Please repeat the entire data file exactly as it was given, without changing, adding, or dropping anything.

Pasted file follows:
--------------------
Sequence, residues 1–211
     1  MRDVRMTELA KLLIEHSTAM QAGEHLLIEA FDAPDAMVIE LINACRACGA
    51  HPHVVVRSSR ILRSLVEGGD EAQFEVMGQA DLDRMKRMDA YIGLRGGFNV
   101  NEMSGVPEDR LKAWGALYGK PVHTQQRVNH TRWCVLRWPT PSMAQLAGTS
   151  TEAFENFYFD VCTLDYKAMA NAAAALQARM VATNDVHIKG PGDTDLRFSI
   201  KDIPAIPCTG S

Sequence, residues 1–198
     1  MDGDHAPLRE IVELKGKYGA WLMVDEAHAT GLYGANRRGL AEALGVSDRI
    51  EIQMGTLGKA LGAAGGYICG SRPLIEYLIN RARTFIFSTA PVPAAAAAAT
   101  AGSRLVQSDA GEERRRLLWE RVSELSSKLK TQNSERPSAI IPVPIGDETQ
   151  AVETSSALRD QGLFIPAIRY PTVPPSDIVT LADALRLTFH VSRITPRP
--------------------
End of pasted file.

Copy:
Sequence, residues 1–211
     1  MRDVRMTELA KLLIEHSTAM QAGEHLLIEA FDAPDAMVIE LINACRACGA
    51  HPHVVVRSSR ILRSLVEGGD EAQFEVMGQA DLDRMKRMDA YIGLRGGFNV
   101  NEMSGVPEDR LKAWGALYGK PVHTQQRVNH TRWCVLRWPT PSMAQLAGTS
   151  TEAFENFYFD VCTLDYKAMA NAAAALQARM VATNDVHIKG PGDTDLRFSI
   201  KDIPAIPCTG S

Sequence, residues 1–198
     1  MDGDHAPLRE IVELKGKYGA WLMVDEAHAT GLYGANRRGL AEALGVSDRI
    51  EIQMGTLGKA LGAAGGYICG SRPLIEYLIN RARTFIFSTA PVPAAAAAAT
   101  AGSRLVQSDA GEERRRLLWE RVSELSSKLK TQNSERPSAI IPVPIGDETQ
   151  AVETSSALRD QGLFIPAIRY PTVPPSDIVT LADALRLTFH VSRITPRP